The message from the New York Times is a powerful one: Journalism is what we do. Print, web and broadcast are delivery vehicles.
The announcement by the Times that it is merging its digital and print newsrooms is the most significant signal to date that the newspaper industry is acknowledging a reality long forecast by online pioneers: The future of news is digital and the future of journalism depends on creating economically viable entities that draw a variety of audiences.
The argument of whether online journalism is different that print journalism is dead.
Bill Keller, executive editor, and Martin Nisenholtz, head of digital operations for the Times, said in a memo to employees:
"By integrating the newsrooms we plan to diminish and eventually eliminate the difference between newspaper journalists and Web journalists." (Emphasis added.)
Other newspapers have preceded the Times to the digital-print marriage altar - notably, the Tampa Tribune and Fort Lauderdale Sun-Sentinel - but the Times is an iconic symbol of American print journalism and when it says the walls are coming down, then institutional evolution is clearly afoot.
Newspapers are beginning to get it. As Jeff Jarvis said the other day in reaction to the Times' announcement:
"The essential truth of all this is that a fundamental change in media is driving fundamental change in the market, which should be driving fundamental change in news products, which must cause fundamental change in newsrooms. That is what we are witnessing now. I often hear people say that big-media executives don't get it, that they don't get the imperative for change. Well, they're getting it. They have no choice." (Emphasis added.)
That said, the convergence argument still needs to made to many editors. They don't yet understand that, as Keller and Nisenholtz said, "our readers are moving" and we must follow.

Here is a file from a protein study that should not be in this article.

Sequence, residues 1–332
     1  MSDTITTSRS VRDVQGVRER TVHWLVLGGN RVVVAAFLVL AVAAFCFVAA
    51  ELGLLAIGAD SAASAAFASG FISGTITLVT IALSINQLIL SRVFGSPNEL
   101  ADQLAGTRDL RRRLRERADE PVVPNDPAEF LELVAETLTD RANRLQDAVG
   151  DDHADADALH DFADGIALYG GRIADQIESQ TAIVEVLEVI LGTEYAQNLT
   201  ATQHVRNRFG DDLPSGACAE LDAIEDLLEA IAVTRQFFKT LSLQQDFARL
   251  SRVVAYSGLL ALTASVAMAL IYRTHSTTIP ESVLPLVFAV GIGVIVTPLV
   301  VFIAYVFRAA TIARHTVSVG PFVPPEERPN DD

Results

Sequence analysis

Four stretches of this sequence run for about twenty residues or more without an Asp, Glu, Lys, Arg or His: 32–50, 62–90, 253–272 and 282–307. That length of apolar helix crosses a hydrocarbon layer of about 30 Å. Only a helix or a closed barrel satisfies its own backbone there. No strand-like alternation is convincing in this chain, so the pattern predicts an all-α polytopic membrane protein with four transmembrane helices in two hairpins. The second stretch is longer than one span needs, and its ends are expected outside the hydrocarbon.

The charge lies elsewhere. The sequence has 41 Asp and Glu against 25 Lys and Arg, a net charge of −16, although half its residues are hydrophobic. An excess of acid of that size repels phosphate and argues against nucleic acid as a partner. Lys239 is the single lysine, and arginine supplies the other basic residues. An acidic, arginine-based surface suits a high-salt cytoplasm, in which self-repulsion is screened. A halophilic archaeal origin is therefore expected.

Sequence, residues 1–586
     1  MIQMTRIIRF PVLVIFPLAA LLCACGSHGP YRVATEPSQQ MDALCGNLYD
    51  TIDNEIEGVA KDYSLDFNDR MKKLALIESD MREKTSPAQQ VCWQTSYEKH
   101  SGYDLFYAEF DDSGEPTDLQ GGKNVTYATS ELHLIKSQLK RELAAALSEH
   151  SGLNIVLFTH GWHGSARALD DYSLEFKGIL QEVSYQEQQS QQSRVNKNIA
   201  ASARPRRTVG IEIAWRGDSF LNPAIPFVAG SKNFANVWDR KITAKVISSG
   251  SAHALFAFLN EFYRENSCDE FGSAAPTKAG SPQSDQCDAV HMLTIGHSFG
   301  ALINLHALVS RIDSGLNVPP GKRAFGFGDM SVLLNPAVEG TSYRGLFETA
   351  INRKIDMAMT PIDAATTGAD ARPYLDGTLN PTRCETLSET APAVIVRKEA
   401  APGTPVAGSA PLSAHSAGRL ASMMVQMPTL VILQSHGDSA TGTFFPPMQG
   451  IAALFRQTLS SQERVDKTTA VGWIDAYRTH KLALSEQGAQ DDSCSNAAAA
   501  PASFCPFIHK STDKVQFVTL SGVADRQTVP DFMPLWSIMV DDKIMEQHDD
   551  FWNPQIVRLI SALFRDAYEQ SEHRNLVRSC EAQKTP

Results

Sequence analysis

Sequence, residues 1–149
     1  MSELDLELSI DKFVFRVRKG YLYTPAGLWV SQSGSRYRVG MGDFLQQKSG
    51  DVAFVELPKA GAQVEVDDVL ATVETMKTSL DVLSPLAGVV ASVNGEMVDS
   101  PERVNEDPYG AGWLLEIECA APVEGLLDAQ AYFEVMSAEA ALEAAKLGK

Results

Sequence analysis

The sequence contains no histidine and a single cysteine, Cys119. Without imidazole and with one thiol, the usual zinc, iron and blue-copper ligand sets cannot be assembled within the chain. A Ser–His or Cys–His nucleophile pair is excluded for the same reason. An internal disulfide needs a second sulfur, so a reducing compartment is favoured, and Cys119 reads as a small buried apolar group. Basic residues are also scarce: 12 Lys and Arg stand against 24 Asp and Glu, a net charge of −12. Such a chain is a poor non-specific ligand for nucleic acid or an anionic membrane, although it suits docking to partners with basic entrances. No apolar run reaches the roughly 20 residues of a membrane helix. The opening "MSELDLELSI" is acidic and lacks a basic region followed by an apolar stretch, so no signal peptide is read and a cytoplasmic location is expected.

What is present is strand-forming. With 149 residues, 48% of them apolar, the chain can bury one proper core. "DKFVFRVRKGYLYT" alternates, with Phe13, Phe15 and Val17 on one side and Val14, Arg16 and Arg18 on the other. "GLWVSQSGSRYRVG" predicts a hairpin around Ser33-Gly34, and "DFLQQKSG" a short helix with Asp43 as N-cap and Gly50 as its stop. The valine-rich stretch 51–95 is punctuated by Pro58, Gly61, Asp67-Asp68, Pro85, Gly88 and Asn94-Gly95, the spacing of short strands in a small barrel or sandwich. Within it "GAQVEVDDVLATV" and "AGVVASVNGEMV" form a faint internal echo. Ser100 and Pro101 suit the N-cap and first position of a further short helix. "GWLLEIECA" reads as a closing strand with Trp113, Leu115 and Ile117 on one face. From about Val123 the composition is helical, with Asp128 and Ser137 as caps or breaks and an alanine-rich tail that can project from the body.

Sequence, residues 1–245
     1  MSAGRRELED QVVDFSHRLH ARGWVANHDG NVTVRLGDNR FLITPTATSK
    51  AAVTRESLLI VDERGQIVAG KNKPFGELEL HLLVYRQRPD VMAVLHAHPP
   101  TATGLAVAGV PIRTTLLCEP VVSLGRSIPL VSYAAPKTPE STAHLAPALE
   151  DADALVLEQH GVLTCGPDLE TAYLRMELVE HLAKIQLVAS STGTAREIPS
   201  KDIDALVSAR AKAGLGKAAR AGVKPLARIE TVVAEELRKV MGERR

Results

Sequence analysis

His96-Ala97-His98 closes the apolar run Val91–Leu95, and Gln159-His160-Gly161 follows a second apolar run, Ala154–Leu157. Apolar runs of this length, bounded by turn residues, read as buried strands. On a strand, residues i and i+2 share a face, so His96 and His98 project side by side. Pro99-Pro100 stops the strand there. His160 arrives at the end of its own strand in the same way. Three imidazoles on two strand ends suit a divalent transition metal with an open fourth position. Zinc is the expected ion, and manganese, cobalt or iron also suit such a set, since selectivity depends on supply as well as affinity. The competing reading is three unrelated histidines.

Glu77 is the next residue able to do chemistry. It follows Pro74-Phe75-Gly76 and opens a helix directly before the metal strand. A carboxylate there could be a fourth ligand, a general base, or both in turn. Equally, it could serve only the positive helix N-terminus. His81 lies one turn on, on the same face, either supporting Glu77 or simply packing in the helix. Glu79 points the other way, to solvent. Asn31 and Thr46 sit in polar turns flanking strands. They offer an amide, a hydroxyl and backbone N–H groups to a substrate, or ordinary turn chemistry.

Journalists love facts. So, then, doubting editors wherever your are, here are some data:
The web grows readership. The Atlanta Journal-Constitution reaches, one of this year's winners of APME's convergence awards, increased its readership by 10 percent - about 223,000 readers - via its online presence, a Scarborough Research study found. (By contrast, print circulation is declining at an increasingly rapid rate.)
The classified model is eroding. Free is the new advertising standard. Traffic to Craigslist, the peer-to-peer, unmediated antithesis of the typical newspaper's locked down, pay-to-play web site, is surging at stratospheric rates, nearly doubling its market share year over year. Advertising is content. Audience draws more audience. Print will lose this contest to online.
Younger people don't read newspapers; they turn to online for news. Merrill Brown's must-read report, Abandoning the News, found that 18-to-34-year-olds "most frequently" cite Yahoo.com and MSN.com as their daily news source, "with 44 percent of the group using portals at least once a day for news." Newspapers are at 19 percent. The average age of a newspaper reader is 53 (Abandoning the News) and there are things (such at the Minneapolis Star Tribune's experiment with the Readership Institute) newspapers can do to attract younger readers, but no amount print reinvention is going to draw enough eyeballs to underwrite the journalism we want to do. We need that digital audience.
Convinced?Posted by Tim Porter at August 5, 2005 12:29 PM